The son of a lacemaker and cellist, Leclair was the most famous member of a very artistic family. He was trained as a lacemaker himself and found early employment as a dancer, before becoming known for his violin playing and compositions. Three of his brothers were also notable violinists and composers (one was also named Jean-Marie, “le cadet”). Leclair’s first wife was another dancer and his second wife was an engraver, who engraved all of his published works from Op. 2 to Op. 15. Their daughter Louise was also an engraver and she married the painter Louis Quenet. Leclair was murdered, with evidence pointing to his nephew Guillaume-François Vial, yet another violinist, although nobody was ever charged with the crime.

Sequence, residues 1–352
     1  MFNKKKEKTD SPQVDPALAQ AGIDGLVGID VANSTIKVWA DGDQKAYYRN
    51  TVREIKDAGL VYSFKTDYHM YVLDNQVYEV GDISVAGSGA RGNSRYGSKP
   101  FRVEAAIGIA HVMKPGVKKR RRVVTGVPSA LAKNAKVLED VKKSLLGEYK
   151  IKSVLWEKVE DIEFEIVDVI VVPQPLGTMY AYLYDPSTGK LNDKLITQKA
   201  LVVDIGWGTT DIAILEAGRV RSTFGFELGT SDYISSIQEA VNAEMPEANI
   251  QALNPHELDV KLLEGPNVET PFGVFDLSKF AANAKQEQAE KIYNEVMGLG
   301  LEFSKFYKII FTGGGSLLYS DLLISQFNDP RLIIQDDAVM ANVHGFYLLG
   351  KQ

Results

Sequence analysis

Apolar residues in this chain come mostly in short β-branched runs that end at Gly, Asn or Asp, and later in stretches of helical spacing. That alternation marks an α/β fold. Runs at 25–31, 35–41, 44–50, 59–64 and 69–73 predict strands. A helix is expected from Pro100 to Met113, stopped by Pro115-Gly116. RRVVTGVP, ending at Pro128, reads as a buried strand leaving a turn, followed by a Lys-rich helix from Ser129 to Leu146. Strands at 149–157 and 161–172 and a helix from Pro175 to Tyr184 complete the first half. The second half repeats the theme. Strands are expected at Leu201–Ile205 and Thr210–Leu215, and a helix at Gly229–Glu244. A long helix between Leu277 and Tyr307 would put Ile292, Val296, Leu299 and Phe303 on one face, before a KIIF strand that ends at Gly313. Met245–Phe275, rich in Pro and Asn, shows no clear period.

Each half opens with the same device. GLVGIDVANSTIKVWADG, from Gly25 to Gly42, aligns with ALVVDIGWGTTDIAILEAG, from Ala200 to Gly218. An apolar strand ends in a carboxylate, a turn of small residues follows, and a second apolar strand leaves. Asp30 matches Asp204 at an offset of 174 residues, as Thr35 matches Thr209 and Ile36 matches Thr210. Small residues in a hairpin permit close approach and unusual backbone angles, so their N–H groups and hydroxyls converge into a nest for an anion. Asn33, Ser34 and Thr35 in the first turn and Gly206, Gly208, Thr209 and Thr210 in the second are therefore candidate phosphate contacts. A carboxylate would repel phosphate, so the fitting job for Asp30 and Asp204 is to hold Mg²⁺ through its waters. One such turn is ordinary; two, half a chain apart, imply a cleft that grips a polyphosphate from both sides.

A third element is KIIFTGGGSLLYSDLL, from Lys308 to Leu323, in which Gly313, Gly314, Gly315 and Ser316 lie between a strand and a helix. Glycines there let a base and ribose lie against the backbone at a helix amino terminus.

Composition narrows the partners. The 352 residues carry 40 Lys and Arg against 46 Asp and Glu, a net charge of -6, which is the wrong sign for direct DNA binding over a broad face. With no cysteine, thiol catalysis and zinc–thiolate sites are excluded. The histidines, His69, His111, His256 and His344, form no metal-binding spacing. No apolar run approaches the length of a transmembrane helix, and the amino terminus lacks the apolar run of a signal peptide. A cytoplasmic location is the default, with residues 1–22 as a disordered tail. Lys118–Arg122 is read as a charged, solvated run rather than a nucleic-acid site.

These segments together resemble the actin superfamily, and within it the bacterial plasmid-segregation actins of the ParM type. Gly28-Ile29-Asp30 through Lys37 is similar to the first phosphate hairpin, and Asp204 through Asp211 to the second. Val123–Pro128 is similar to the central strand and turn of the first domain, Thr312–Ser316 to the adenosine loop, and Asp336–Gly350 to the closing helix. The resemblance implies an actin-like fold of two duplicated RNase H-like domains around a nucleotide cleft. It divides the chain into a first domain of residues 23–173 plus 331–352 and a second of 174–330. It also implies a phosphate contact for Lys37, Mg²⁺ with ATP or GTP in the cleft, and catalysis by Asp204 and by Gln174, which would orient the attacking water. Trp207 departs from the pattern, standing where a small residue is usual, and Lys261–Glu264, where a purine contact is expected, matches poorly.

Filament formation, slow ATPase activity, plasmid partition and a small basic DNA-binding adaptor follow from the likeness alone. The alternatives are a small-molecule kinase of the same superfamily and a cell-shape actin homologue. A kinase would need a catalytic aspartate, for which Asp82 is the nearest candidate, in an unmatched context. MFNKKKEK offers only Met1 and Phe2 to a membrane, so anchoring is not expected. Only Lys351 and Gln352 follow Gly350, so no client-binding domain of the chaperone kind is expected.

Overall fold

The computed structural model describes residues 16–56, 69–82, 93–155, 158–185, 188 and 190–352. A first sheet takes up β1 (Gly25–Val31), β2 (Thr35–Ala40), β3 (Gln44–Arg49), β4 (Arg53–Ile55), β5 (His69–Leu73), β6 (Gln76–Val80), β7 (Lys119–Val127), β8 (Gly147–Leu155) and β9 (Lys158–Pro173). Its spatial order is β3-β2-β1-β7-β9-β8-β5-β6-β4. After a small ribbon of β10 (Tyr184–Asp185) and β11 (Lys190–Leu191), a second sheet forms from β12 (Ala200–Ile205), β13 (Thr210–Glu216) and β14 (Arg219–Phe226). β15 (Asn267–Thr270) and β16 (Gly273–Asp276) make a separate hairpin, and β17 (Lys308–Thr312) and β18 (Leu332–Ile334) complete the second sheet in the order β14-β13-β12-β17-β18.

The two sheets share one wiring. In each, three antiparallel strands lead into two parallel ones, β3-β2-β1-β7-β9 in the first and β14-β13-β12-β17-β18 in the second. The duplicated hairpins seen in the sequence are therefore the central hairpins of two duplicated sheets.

Although he is considered the father of the French school of violin playing, in his own time Leclair was noted for uniting the current French and Italian styles and forms. His fourth book of violin sonatas, Op. 9 was dedicated to Princess Anne of Orange in the Netherlands, where Leclair was employed seasonally for several years. The third sonata in the book (the sixth is also in D major) is his most famous work, displaying both Leclair’s rapprochement of national styles and his virtuosity. There is plenty of double-stopping throughout (except in the lavishly embellished D-minor Sarabanda) and a sophisticated range of articulation. The Tambourin is a folk dance imitating the sound of pipe (whirling violin figures) and drum (a steady eight-note pulse in the bass of the keyboard part – almost the entire movement is played over the tonic D).
John Henken is Director of Publication for the Los Angeles Philharmonic Association.